Max Bell School of Public Policy Launch

The School launched at an event in honour of the Max Bell Foundation's landmark gift.

On November 7, 2017,  the McGill community came together for the launch of the Max Bell School of Public Policy at the Hotel Omni Mont-Royal. The event was in honour of the Max Bell Foundation’s landmark gift to McGill to establish the new school of public policy. During her opening remarks, Suzanne Fortier, McGill’s Principal and Vice-Chancellor, highlighted how: “There’s never been a more important time for McGill to contribute its full voice to the public conversation about the most critical issues affecting the future of Canadians and all citizens around the world.”

The launch of the Max Bell School of Public Policy builds upon a forty-four year relationship between the Max Bell Foundation and McGill University. In 2004, the Max Bell Foundation started supporting public policy research projects at McGill focusing on a variety of topics from public health to education to the environment. In 2014, that partnership evolved with the proposal to provide the seed money to McGill for the creation of the Max Bell School of Public Policy. In 2017, this project came to fruition with a 10 million dollar gift from the Max Bell Foundation and the appointment of Chris Ragan, as its inaugural director. 

“We have every confidence that you will be successful in developing a world class curriculum and in recruiting competent, creative academic faculty and many of Canada’s leading public policy practitioners to this campus. To not only share their expertise with students and faculty but to also engage in improving the quality of our society,” said Carolyn Hursh, Chair of the Max Bell Foundation.

Prior to introducing the Honourable Rona Ambrose, former Leader of the Opposition and interim leader of the Conservative Party of Canada, for her keynote, Chris Ragan’s remarks focused on the three key messages of the Max Bell School of Public Policy:


During her keynote, Rona Ambrose discussed her experience being a leader in the House of Commons and the importance of public policy schools connecting the public to the policy-making world. "I really look forward to being able to contribute my small bit of experience that I have gathered in developing, implementing, and communicating public policy. I have seen failures, I have seen successes. I think that will help us build a policy school, that has a different kind of vision, and in particular, as Chris mentioned, has a more outward facing public engagement goal," said Ambrose.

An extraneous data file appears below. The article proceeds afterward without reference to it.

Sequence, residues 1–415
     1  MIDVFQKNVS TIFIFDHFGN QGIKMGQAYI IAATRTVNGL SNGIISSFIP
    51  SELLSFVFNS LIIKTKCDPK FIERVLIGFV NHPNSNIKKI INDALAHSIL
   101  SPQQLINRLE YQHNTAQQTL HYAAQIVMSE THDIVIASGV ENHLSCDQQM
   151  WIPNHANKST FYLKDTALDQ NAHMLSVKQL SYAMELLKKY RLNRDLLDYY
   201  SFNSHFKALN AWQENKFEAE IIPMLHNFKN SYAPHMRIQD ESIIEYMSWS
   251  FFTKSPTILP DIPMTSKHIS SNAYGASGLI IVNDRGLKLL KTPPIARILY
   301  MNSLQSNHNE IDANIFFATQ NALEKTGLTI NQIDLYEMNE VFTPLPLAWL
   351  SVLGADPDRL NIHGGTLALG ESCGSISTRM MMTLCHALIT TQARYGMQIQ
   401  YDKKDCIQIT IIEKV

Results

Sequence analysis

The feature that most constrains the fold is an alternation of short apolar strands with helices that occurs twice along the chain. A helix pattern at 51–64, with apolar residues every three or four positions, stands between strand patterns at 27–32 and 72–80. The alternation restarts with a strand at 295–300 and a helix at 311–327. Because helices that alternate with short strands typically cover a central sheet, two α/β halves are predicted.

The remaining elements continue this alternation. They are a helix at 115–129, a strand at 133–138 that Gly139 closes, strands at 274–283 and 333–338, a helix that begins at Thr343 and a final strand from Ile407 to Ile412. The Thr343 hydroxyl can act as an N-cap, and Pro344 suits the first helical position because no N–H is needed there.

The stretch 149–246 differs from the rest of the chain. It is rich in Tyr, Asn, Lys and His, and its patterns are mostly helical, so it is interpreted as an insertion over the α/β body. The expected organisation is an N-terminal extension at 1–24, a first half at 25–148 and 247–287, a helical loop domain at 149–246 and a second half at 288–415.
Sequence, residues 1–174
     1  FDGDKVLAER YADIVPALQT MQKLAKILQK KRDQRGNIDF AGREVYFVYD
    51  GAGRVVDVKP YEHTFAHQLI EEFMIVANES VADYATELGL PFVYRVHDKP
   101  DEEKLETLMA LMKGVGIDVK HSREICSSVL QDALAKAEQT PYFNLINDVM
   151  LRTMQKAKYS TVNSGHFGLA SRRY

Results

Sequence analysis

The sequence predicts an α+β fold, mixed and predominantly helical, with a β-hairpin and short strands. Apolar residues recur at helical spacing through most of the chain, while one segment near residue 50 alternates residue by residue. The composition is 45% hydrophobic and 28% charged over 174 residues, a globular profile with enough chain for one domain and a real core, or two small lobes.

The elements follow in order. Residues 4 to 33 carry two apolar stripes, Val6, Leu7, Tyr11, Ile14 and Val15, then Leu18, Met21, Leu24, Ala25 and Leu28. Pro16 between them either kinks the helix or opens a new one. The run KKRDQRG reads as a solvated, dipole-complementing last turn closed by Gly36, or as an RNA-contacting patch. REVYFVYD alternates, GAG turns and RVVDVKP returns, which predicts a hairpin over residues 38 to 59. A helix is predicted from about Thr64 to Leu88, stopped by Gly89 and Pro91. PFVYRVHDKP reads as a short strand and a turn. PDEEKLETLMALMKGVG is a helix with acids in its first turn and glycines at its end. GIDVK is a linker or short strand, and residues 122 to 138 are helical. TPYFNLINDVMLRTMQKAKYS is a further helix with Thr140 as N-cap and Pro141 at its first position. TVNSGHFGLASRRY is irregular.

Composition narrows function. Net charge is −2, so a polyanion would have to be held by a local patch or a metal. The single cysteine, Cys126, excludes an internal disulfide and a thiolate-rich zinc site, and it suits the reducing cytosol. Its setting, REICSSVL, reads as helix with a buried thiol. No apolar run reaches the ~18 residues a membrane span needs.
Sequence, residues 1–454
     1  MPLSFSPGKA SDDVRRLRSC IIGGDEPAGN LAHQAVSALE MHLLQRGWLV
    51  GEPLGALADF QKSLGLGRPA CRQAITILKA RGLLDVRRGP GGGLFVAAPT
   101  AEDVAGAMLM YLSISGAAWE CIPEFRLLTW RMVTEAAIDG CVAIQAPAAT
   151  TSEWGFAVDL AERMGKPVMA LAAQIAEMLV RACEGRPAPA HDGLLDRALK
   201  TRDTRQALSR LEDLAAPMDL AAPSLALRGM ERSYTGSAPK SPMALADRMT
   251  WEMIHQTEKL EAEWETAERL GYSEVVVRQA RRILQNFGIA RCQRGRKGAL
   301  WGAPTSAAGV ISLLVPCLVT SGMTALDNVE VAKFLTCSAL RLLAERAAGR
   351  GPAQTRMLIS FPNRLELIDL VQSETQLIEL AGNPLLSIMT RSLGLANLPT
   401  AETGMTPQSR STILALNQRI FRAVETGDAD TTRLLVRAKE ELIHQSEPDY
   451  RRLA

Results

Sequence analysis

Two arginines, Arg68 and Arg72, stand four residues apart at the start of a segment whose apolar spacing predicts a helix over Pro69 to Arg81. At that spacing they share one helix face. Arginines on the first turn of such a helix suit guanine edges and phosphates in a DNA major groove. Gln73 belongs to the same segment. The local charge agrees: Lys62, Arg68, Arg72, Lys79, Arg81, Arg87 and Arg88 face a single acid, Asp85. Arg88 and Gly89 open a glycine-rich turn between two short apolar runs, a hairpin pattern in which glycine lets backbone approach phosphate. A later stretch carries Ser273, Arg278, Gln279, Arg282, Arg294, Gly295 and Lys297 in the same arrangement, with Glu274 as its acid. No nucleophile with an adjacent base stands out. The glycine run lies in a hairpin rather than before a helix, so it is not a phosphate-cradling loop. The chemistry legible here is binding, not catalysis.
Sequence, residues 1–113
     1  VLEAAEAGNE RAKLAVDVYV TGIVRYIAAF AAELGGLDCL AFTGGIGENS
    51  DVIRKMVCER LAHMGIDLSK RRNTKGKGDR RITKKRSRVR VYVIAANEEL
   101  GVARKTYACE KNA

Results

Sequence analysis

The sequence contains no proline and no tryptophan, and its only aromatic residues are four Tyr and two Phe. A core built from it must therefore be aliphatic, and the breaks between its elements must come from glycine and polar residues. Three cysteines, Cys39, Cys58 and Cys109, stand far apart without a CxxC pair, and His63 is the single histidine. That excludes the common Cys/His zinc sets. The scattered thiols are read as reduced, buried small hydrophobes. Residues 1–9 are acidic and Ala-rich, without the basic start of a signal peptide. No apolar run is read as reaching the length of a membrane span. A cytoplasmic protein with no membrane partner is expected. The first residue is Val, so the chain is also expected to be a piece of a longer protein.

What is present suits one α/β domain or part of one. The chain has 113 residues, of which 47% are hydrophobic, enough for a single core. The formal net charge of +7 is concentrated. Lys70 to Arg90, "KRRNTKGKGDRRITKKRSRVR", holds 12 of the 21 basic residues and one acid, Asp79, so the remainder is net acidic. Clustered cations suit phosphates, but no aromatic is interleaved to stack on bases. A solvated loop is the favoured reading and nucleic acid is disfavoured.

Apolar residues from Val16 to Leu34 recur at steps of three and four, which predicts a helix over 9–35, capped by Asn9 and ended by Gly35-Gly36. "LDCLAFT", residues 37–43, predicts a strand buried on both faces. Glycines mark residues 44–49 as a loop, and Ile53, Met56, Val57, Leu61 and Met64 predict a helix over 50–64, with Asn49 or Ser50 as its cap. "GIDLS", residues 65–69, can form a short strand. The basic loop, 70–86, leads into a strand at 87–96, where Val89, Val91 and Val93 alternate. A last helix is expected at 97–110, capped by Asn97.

Panel on Canada’s Engagement on Global Issues

The keynote was followed by a panel discussion on Canada’s Engagement on Global Issues with Mel Cappe, former High Commissioner to the United Kingdom and former Clerk of the Privy Council; Roland Paris, University of Ottawa Research Chair in International Security and Governance; Michael Sabia, President and CEO of Caisse de dépôt et placement du Québec; and Jennifer Welsh, Chair in International Relations at the European University Institute and former Special Adviser to the UN Secretary-General on the Responsibility to Protect.

Topics raised during this panel included global urbanization trends, the state of democracy, and armed conflict. During the panel, Roland Paris also highlighted the perils facing Canadian foreign policy:

Panel on Addressing Canada's Domestic Challenges

This panel was followed by a discussion on Addressing Canada's Domestic Challenges with The Right Honourable Paul Martin, former Prime Minister of Canada and former Minister of Finance; Graham Fox, President and CEO of the Institute for Research on Public Policy; Brian Topp, NAFTA Council Member and former Chief of Staff to Alberta Premier Rachel Notley; Sheila Watt-Cloutier, Canadian Inuit activist and former Chair of the Inuit Circumpolar Conference. 

The panel covered the political consequences of inequality, the impact of bad policies on Indigenous Peoples in Canada, and federal constitutional arrangements. In the course of the panel, the Right Honourable Paul Martin mentioned the importance of implementing policies to provide support to the Indigenous children of Canada — the fastest growing segment of Canada's population:

The Max Bell Foundation’s gift to McGill creates what has long been discussed in McGill’s corridors as a significant missing element in the University’s offerings.

The Max Bell School of Public Policy will be committed to four main activities: applied policy research, practical policy teaching, effective public outreach, and engagement with policymakers. It will bring applied research into the public eye, engage various stakeholders in informed discussion and debate, and develop the next generation of policy leaders. The school will begin accepting admission applications as of September 2018 for the Fall 2019 semester. It was also announced that Dominic Barton, Rona Ambrose, and Michael Sabia will be joining the school’s advisory board.

Though the Max Bell School is only now beginning to build its program, there is already much excitement regarding the future of the school at McGill University and its impact on the global policy community.

More videos of the launch event are available here.

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